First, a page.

The toddler was taken to UC Davis Medical Center, but Sacramento County Sheriff John McGinness said the child appeared uninjured. The boy was later released from the hospital.
Shortly after 7 p.m., a SWAT team blew a hole in a wall and swarmed in through windows to confront 26-year-old suspect Anthony Alvarez, who family members said was mentally ill. McGinness said SWAT members and Alvarez fired shots. The sheriff said Alvarez was "in close proximity" to the toddler inside of the apartment when police burst in.
The standoff, which lasted about 56 hours and is considered to one of the longest in modern local history, led to many evacuations and shut down a busy stretch of Arden Way from Bell Street to Fulton Avenue. Alvarez had been holed up at his cousin's first-floor apartment at the Arden Towne complex, located near the intersection of Arden Way and Wright Street.
McGinness lauded the SWAT officers who carried out the dangerous rescue of little Michael Pittman Jr. The tot is Alvarez's cousin.
"These are very brave, very highly trained, skilled people who went into a situation knowing exactly what the risks were," McGinness said. "But they were willing to take those risks in the interest of preserving not only the welfare of that child, but this entire community, and they did exactly what was expected of them very, very effectively."
Alvarez, who family members said suffered from bipolar disorder and schizophrenia, appeared to be playing an intentional game of cat-and-mouse with hostage negotiators, McGinness said Friday afternoon. Alvarez was sought by police on Wednesday on suspicion of attempted murder and robberies carried out in the Bay Area. He was stopped June 4 in Concord, where authorities said he shot at police and fled. Alvarez was also sought by Bay Area police in connection with a homicide case.
Over the course of the standoff, police and Alvarez fired several shots.
Authorities said prior to the rescue, Alvarez was hiding in an area of the apartment where police could not see him. Officials said he apparently lied Thursday about suffering a gunshot wound from a sniper.
McGinness said Friday afternoon that deputies were prepared to wait as long as it took to preserve the safety of the boy.
"Time is on our side," McGinness told reporters shortly after 1 p.m.
Dozens of nearby residents were evacuated during the standoff. A Red Cross shelter was moved Friday to El Camino High School, where 30 to 50 people were expected to stay overnight before the standoff ended.
On Friday afternoon, a robot attempted to deliver a bag of water and food to Alvarez at the apartment. McGinness said Friday night that Alvarez would not accept the food, but the bag was successfully dropped into the apartment.
Shortly before 7 a.m. Friday, Alvarez apparently fired about five shots at a robot sent in by hostage negotiators, authorities said. It also appeared Alvarez fired one shot at a robot at about 5:30 a.m., while sheriff's deputies also fired at least twice.
Sheriff's Sgt. Tim Curran said early Friday that negotiators had developed a "productive" dialogue with Alvarez, communicating with him by cell phone several times Friday.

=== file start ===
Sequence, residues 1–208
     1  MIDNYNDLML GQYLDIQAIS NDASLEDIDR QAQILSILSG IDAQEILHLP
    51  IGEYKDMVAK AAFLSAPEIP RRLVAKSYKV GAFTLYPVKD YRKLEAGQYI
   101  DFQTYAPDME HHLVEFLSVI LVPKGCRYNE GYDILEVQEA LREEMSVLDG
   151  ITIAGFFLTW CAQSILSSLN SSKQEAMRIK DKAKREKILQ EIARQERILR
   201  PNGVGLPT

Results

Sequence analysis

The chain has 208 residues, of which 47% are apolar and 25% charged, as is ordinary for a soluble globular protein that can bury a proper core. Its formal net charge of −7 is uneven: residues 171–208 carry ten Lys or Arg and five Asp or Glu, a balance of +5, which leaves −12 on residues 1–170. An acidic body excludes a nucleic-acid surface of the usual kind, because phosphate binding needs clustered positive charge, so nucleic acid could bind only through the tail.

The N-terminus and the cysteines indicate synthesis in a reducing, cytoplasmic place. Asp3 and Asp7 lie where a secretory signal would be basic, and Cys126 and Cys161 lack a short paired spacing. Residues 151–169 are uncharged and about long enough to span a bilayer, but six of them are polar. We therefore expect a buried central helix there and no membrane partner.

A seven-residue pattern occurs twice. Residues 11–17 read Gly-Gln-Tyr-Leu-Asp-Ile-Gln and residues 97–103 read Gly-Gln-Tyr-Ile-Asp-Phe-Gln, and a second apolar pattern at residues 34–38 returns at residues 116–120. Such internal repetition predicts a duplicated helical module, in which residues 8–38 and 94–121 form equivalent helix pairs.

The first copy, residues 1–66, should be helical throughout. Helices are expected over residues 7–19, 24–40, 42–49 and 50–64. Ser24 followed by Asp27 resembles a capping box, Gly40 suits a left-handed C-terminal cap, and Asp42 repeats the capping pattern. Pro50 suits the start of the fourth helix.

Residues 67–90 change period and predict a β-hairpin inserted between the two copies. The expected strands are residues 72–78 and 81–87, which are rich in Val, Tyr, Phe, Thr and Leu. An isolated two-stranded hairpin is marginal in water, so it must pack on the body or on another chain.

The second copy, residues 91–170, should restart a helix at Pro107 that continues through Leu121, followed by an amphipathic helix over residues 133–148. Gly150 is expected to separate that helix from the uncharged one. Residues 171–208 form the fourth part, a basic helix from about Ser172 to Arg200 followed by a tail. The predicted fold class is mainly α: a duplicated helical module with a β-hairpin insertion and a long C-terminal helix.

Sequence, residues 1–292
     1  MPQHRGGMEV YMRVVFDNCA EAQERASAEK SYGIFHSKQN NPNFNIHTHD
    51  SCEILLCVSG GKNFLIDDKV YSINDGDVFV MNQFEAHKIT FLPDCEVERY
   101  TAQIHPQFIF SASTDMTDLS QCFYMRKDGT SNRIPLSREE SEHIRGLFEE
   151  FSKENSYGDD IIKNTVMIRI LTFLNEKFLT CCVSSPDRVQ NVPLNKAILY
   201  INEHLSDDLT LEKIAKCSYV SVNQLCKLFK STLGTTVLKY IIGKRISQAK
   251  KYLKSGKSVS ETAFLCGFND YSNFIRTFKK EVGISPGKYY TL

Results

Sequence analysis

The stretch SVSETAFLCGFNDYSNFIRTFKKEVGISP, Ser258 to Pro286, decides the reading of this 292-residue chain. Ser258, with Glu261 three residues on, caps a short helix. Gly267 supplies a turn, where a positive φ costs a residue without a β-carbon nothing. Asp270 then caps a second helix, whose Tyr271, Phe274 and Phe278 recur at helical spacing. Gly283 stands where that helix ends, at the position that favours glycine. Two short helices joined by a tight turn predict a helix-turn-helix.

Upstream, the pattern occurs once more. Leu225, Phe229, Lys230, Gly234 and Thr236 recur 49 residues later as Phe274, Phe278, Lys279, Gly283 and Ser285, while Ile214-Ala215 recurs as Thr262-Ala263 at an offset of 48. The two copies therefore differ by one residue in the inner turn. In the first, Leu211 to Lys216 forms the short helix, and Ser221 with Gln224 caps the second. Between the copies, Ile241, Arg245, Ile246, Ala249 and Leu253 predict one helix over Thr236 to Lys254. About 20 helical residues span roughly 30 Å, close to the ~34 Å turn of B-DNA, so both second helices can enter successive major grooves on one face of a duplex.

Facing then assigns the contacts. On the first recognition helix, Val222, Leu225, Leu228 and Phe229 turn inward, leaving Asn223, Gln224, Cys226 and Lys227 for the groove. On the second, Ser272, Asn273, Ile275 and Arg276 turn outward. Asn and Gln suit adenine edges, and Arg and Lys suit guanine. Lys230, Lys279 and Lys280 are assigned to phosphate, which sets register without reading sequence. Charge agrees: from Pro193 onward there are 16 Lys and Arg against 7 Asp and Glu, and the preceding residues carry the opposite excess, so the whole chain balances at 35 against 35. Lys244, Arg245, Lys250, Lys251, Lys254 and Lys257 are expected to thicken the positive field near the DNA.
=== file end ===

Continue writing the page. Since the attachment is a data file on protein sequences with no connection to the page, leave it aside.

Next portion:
"I don't think he's made any demands this whole time," Curran said early in the day.
Some members of Alvarez's family, visibly exhausted by the ordeal, slept Friday morning in a car across the street from the complex.
Deputies kept tabs on Alvarez's movements inside the apartment with the use of two robots equipped with mirrors. Heavily armed sheriff's and police SWAT teams took shifts at the scene.
At one point, negotiators tried to hand Alvarez a cell phone using a long pole. He threw the phone out and began firing. Deputies did not return fire at that point because they could not see him clearly.
Late Thursday, officers also used a special sound-emitted device in an effort to distract Alvarez.
Patrick Tobin, a cousin of the suspect, said Thursday that Alvarez was just being stubborn. "Even if I told him to give it up, he would not listen to me," Tobin said.
Also on Thursday, a woman seeking to defuse the hostage situation by reading a poem was detained after she was found crawling on the roof of the complex where the standoff is taking place, Curran said. The woman, whose name was not released, was detained by the California Highway Patrol, Curran said. She told authorities she was motivated to act after watching television coverage of the standoff, Curran said.
Much earlier in the standoff, Alvarez shot at officers as they broke a window.
"We tried to rip down the blinds, but as soon as we breached the window, the suspect fired at our officers," Curran said early Thursday. "At that point, we returned fire and then retreated."
Tessa Alvarez, the gunman's sister, said she offered to go inside the apartment to get her brother to surrender, but she said police declined for safety reasons. She said her brother was known to suffer from mental illness.
"Bipolar runs in our family, I think, and, you know, he takes anti-psychotic pills to make sure he doesn't hear voices or anything, and he hasn't been taking his pills," she said.